(CN) - A court reporter in Chicago claims a federal postal inspector fabricated charges that she had overbilled state attorneys in an attempt to get her to talk about the alleged misconduct of judges.
Pamela Terry, who has worked as a court reporter in Chicago for more than 30 years, said in her federal complaint that in 2005 postal inspector David Hodapp and an Illinois assistant attorney general showed up at her house claiming they had "evidence" of her alleged crimes in a briefcase.
Terry says that Hodapp told her she could make it all go away if she "would supply information of misconduct regarding judges of the criminal court."
Failing to believe that Hodapp had any real "evidence," and having no information to give him, Terry says she refused, but Hodapp would not let it go.
"For months thereafter Hodapp continued to contact [Terry] demanding that she tell him about wrongdoing by judges in whose courtrooms she worked and threatening she would be prosecuted for overbilling if she refused, telling [her] that she should meet him at the post office on a Sunday or on one occasion long after the post office had closed for the day," the complaint says.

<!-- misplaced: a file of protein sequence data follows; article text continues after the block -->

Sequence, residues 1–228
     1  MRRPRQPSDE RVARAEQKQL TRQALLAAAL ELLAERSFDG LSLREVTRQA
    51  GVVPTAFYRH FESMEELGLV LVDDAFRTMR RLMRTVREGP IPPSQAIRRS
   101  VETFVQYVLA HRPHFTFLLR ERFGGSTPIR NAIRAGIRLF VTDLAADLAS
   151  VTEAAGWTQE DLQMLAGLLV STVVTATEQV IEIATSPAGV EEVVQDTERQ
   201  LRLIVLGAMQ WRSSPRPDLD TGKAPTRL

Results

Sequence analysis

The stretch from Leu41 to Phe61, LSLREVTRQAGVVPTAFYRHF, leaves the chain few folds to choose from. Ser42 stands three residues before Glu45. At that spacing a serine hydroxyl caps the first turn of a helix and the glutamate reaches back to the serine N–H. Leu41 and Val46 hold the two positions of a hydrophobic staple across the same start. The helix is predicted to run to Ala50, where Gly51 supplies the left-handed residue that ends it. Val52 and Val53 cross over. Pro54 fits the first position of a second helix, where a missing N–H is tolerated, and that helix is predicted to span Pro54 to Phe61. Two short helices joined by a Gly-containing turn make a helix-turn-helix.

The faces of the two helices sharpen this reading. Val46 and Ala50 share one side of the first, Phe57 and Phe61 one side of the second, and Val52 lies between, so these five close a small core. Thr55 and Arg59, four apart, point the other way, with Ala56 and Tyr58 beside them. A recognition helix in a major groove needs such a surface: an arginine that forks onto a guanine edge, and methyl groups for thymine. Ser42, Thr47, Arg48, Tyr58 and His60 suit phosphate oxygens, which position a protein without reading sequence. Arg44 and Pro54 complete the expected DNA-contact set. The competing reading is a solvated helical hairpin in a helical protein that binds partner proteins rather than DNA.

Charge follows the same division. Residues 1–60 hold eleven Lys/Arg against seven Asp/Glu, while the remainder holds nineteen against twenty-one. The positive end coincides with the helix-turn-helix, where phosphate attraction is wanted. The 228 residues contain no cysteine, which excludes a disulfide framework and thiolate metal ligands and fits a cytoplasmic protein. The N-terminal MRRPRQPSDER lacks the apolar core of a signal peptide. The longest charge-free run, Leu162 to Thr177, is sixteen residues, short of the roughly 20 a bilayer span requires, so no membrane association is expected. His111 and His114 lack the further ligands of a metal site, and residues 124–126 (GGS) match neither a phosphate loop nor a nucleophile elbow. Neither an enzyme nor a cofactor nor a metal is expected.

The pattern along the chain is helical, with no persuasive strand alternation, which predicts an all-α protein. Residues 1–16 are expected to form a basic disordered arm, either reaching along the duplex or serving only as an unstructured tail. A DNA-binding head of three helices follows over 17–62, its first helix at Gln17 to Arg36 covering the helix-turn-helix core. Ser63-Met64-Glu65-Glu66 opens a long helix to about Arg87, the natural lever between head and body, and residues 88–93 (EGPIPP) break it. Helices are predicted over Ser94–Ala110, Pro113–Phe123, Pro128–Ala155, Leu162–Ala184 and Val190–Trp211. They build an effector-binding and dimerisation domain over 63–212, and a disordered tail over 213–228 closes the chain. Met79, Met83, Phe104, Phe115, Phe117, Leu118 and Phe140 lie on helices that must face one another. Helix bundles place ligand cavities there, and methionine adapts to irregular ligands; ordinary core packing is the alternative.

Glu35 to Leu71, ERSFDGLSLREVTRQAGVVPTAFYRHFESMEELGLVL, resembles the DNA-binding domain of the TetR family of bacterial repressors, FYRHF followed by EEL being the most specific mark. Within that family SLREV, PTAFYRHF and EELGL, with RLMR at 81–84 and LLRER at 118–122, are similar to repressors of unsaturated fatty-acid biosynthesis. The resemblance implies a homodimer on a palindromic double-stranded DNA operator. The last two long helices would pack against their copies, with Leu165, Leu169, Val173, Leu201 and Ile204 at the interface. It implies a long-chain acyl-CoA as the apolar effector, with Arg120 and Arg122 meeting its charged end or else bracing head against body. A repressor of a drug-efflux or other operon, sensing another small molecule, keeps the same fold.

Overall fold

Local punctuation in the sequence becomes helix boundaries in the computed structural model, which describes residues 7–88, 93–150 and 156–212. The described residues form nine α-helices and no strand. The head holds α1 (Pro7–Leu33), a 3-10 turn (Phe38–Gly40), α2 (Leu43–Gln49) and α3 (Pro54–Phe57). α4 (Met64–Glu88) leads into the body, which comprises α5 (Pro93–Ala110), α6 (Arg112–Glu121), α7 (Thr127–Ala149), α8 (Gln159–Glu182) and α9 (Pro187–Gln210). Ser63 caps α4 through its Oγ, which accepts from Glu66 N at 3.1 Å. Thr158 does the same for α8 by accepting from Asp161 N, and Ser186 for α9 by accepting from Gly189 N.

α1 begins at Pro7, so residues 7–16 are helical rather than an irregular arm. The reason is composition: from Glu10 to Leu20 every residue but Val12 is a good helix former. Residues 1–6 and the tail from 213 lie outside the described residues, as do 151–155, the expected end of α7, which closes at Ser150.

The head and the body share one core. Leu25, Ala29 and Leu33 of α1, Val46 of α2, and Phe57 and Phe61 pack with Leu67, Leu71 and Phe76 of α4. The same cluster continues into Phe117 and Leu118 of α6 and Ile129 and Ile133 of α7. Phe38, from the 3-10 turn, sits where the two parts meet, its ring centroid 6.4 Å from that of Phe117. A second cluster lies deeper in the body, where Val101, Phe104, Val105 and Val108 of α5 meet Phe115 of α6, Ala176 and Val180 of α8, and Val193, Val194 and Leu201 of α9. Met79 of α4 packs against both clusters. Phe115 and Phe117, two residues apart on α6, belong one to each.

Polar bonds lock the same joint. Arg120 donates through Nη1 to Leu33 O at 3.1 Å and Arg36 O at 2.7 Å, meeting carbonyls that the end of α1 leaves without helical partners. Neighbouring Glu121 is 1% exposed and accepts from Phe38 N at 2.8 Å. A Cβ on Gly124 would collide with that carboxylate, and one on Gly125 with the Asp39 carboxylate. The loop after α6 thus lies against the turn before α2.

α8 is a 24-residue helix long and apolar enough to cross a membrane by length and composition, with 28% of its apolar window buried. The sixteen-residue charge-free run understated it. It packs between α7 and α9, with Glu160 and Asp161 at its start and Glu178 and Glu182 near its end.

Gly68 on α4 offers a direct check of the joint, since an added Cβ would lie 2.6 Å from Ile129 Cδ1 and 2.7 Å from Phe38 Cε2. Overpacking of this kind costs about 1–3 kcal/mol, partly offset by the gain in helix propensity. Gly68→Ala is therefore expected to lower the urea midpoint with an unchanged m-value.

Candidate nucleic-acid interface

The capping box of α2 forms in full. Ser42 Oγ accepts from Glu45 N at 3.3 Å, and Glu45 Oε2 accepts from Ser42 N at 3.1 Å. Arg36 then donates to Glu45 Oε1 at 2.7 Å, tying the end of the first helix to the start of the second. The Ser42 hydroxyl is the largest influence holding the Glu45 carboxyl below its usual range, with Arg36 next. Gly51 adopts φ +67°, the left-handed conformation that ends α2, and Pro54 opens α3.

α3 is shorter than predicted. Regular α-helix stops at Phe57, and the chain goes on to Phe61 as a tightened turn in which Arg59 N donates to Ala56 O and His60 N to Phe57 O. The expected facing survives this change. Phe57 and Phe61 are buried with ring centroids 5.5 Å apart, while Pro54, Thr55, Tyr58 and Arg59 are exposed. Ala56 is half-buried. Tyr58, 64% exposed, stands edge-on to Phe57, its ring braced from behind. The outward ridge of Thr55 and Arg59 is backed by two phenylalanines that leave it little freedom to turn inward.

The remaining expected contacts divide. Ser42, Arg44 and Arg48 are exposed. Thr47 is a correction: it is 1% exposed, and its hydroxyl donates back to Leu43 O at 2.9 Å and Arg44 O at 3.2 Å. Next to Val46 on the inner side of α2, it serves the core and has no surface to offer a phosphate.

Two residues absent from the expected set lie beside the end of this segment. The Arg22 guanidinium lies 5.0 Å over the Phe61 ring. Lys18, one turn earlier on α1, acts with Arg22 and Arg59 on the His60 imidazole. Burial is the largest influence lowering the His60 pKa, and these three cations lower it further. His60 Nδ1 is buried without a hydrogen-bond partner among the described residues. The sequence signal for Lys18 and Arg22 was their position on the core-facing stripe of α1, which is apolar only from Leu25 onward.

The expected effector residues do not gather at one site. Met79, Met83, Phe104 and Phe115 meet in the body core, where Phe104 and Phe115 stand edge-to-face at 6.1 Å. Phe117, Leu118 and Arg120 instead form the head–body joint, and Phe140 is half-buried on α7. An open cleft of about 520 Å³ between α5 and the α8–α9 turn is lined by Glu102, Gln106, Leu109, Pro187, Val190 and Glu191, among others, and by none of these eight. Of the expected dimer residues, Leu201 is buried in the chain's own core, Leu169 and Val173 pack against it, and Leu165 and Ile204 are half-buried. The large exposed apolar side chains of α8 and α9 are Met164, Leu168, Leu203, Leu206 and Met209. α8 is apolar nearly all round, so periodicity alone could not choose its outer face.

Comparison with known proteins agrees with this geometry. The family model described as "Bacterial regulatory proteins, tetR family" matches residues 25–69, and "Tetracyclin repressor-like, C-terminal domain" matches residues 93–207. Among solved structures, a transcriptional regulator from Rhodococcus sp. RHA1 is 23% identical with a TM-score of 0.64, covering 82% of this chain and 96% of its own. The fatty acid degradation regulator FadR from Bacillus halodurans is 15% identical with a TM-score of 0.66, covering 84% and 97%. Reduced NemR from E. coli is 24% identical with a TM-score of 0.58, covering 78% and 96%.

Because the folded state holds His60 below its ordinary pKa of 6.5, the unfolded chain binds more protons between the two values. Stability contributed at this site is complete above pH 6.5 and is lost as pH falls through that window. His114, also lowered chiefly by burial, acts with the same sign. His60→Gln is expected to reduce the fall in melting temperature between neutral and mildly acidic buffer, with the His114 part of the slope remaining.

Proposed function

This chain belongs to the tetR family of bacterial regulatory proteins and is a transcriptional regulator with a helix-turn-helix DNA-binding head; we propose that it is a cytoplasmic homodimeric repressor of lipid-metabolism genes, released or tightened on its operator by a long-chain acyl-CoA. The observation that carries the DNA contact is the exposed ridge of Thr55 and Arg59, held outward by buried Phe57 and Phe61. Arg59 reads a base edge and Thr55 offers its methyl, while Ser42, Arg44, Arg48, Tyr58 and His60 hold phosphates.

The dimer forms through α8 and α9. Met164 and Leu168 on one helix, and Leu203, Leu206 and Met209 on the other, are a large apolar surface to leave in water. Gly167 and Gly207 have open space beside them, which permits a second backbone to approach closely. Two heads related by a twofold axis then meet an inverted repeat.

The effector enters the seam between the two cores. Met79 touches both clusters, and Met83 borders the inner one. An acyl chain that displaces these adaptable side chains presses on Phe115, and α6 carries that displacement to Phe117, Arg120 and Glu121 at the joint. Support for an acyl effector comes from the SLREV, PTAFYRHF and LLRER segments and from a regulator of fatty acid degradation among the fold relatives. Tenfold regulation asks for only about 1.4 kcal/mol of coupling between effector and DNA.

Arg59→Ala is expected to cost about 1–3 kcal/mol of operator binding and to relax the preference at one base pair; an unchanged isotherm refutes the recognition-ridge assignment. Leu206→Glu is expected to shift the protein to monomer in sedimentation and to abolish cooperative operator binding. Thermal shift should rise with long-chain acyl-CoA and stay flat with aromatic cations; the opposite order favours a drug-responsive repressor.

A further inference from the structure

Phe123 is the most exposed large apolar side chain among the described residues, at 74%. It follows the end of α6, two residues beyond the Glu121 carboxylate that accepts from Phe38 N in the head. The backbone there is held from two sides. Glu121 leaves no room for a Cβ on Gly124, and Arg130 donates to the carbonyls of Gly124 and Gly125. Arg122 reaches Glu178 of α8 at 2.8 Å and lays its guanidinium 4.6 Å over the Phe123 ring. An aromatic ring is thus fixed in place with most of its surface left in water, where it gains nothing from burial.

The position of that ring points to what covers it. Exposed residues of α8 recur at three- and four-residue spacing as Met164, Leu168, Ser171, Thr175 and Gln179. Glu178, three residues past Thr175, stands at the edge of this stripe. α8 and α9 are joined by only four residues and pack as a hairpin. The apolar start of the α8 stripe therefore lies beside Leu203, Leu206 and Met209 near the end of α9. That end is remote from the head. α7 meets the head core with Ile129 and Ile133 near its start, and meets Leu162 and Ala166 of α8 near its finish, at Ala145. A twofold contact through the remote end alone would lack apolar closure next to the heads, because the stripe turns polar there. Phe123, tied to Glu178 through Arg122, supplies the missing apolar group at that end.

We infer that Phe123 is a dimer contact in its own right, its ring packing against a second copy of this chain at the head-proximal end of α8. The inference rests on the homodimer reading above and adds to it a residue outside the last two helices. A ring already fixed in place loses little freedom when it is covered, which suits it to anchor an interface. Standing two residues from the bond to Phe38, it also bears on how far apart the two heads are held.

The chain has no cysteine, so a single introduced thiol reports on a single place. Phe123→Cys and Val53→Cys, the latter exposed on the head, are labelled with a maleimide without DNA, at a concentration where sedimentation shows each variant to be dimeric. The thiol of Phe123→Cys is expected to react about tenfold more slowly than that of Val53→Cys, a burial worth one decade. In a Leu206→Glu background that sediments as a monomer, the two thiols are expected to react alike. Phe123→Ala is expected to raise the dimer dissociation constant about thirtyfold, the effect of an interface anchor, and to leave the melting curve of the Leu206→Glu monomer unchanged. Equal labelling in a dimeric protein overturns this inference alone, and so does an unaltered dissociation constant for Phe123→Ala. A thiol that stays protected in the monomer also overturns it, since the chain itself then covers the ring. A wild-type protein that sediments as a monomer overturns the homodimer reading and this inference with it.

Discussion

After continuing to ignore Hodapp for several months, Terry says she was charged in Cook County Court with "offenses relating to invoices or vouchers to the Office of the Cook County States Attorney for transcripts prepared as part of her employment." She says she was acquitted on all charges in 2008.
Terry seeks punitive damages from Hodapp, alleging constitutional and civil rights violations. She is represented by Leo McGonigal.
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